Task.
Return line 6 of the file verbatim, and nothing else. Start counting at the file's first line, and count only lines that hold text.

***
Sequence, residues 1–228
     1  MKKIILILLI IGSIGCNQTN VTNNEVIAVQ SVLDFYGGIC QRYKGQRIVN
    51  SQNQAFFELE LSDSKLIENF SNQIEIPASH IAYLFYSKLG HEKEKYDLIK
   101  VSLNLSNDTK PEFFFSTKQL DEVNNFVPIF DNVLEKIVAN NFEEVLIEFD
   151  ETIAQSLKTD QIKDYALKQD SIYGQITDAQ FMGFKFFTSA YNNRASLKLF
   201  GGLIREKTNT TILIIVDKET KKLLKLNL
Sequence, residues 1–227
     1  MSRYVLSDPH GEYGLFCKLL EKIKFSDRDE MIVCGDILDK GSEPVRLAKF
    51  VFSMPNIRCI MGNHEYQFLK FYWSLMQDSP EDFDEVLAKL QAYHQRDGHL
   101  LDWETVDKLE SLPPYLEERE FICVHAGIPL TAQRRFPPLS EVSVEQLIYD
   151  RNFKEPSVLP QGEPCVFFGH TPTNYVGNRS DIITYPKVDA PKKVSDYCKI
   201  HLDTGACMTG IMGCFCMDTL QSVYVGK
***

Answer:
   201  GGLIREKTNT TILIIVDKET KKLLKLNL